Phillips said he is particularly fascinated by the ways in which sports can connect — or divide — people. He is a lifelong supporter of F.C. Barcelona, and when he met his wife at a party, they bonded through their shared frustration with the president of the soccer team at the time. He speaks and frequently tweets in Catalan and he is a socio, a club member eligible to vote in its presidential elections.
But he also understands the historical weight of soccer rivalries like El Clasico with Real Madrid. He described the 99,000-seat Camp Nou as a major site of resistance during the Franco dictatorship.
“The stadium was where you could express your culture, where you can speak your language,” he said. “And that was the only place except for clandestine meetings.”
His interest in stadiums and in the politics of self-expression ultimately led him to the conclusion of his most recent article on the baseball season. After recounting how professional basketball players went on strike following the police shooting of Jacob Blake and assembled a coalition across different sports that fought for stadiums to be converted into polling places for early voting, Phillips ends with the image of voters standing in line outside Dodger Stadium in Los Angeles, the home of the recently crowned World Series champions.
“I’m really excited by the fact that there are stadia and arenas where the ball’s not bouncing but the game’s on,” he said. “That to me is a really great metaphor for possibility. We can’t congregate at these places now because of COVID, but we can go there and express what is fundamental part of our expression as citizens within a democracy.”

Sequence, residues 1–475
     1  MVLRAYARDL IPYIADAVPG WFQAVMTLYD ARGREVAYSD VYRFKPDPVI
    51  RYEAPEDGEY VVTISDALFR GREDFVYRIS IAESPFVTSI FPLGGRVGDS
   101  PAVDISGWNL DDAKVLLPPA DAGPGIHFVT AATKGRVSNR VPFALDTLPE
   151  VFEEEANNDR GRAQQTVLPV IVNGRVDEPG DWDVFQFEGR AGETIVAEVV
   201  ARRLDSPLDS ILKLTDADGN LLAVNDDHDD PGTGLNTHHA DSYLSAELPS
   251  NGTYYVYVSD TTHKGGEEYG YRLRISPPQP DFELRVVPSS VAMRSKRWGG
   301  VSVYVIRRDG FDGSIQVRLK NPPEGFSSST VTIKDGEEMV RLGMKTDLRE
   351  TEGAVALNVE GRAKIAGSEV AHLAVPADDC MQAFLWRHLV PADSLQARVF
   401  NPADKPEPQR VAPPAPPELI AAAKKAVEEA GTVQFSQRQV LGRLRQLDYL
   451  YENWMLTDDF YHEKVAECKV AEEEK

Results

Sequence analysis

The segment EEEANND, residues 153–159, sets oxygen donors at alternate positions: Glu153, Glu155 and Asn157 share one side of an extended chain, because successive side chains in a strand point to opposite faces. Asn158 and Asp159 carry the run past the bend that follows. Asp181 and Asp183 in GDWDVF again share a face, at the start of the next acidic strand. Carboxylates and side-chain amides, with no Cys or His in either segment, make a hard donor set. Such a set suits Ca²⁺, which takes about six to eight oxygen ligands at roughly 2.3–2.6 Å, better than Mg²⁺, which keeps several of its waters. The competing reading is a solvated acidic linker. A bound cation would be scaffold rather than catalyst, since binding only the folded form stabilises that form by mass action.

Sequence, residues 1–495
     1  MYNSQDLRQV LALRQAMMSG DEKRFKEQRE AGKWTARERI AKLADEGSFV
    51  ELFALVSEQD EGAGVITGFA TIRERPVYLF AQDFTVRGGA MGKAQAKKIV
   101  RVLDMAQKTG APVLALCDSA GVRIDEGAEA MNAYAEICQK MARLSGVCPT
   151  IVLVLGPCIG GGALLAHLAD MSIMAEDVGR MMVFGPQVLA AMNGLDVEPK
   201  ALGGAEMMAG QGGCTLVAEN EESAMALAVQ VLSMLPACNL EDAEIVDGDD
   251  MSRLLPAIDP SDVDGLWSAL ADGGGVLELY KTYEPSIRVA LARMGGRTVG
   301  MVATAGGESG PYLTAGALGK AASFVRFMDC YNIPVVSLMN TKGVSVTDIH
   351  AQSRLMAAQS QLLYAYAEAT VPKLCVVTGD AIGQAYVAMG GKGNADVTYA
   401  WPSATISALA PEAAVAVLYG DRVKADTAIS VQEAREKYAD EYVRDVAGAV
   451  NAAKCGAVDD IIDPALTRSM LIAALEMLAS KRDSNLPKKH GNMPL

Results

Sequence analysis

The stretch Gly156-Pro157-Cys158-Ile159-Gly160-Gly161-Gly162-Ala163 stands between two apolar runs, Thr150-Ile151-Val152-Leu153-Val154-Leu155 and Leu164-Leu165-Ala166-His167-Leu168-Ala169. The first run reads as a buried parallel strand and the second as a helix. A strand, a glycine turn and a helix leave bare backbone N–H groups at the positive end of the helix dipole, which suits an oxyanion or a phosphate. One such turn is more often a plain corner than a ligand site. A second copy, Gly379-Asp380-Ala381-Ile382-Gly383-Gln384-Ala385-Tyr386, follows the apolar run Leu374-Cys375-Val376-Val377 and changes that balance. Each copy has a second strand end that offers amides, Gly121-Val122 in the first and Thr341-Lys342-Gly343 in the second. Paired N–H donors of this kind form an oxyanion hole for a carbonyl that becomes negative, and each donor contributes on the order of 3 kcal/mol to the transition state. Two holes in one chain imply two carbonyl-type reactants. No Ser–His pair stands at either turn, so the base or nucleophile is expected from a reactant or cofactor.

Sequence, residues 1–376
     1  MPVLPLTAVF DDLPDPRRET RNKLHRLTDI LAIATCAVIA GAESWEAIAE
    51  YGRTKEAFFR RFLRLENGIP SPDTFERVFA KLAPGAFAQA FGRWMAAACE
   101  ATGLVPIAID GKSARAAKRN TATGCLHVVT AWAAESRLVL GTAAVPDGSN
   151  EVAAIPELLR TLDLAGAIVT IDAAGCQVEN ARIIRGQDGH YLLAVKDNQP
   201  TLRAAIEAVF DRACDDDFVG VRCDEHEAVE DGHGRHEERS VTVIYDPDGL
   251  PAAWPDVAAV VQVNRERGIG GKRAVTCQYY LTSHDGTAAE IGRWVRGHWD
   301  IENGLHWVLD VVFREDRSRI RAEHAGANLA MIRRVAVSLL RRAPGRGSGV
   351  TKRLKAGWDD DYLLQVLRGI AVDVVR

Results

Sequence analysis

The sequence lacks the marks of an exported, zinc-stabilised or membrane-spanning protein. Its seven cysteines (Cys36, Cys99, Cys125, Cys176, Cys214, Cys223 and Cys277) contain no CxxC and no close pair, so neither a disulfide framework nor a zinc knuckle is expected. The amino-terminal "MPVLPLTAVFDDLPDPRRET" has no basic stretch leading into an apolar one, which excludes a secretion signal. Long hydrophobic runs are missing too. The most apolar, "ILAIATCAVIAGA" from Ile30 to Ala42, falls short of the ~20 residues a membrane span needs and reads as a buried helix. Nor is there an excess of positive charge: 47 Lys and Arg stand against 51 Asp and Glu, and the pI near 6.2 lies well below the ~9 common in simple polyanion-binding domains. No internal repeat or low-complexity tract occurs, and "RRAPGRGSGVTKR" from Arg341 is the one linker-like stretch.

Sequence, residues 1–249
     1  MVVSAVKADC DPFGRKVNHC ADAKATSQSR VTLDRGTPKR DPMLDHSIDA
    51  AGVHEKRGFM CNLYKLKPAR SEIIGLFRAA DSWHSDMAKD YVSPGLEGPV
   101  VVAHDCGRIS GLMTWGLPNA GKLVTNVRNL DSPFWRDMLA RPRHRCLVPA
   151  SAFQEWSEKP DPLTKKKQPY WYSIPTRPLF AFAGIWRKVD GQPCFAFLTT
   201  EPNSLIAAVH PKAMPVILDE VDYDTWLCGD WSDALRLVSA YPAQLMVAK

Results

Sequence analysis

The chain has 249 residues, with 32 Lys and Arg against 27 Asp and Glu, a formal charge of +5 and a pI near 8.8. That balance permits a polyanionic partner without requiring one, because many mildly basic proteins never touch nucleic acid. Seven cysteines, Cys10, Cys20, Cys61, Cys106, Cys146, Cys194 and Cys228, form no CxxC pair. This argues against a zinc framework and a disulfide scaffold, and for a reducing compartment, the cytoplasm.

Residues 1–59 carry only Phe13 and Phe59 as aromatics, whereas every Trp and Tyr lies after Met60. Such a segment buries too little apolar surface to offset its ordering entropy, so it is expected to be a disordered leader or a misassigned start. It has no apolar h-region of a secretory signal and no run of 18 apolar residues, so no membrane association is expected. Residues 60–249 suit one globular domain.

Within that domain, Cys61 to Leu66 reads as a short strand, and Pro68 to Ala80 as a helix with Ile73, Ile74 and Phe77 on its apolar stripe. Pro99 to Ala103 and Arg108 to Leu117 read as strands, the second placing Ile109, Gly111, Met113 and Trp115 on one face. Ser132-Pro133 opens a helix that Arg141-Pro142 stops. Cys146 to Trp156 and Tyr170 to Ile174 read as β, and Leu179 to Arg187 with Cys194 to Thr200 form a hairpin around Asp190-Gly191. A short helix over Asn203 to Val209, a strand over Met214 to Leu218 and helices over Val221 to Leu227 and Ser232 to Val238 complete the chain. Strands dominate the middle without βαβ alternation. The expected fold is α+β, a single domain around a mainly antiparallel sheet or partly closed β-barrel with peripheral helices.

Sports literature at the College
Phillips’s journey brought him to the College nearly exactly a year ago as the W. Ford Schumann Distinguished Visiting Professor in Democratic Studies. The faculty fellowship was designed to start at the beginning of 2020 and lasted only one semester, but at the end of spring, Phillips received an invitation to stay.
“I was happy to, because it’s an opportunity to stay, and because I found myself really liking it here,” he said. “I love the community and it makes sense to me.”
Now, Phillips is teaching a remote seminar on the literature of sports. On Monday and Wednesday mornings, he hops on Zoom and talks to his students about sports and their deeper intersections with politics and history. As voices echo from one rectangle to another on his screen, Phillips said he sees how sports writing serves as a “lingua franca” for students with different athletic backgrounds.
“I have … all types of different people,” he said. “Some are on teams and some aren’t.” Among the group are a tennis player, a tennis coach, an alpine skier, two who play soccer, two more who play football, a squash player, and those who do not play sports at all, including a prospective English major interested in creative writing.
For Phillips, listening to students talk about their experiences with sports makes literature “very alive” and is heartening amid the pandemic. He said his own training as a writer is not so different from the athletic training that he once did as a varsity athlete in men’s soccer as well as men’s rugby at Swarthmore College. Both require endurance and resilience through constant practice.
“You have to put in your reps,” he said. “You have to read a lot to be a strong writer — you have to read ravenously. You have to write. You have to be open to the idea of failure, not accepting of it, but accepting of it to an extent, in that it happens.”
He compared writing to weightlifting. “When you work your body, and you look to grow muscles, they have to tear and then they reform stronger,” he said. “There’s a sense in that you trust the process.”
As his students read sports literature, Phillips encourages them to think about moments from their career that “will last for 50 years, or 70 years,” and how to embrace their eventual retirement as a varsity athlete.
“That’s what we’re trying to do when we teach you all, I hope, is really teach citizens,” Phillips said, “You are citizens of the future.”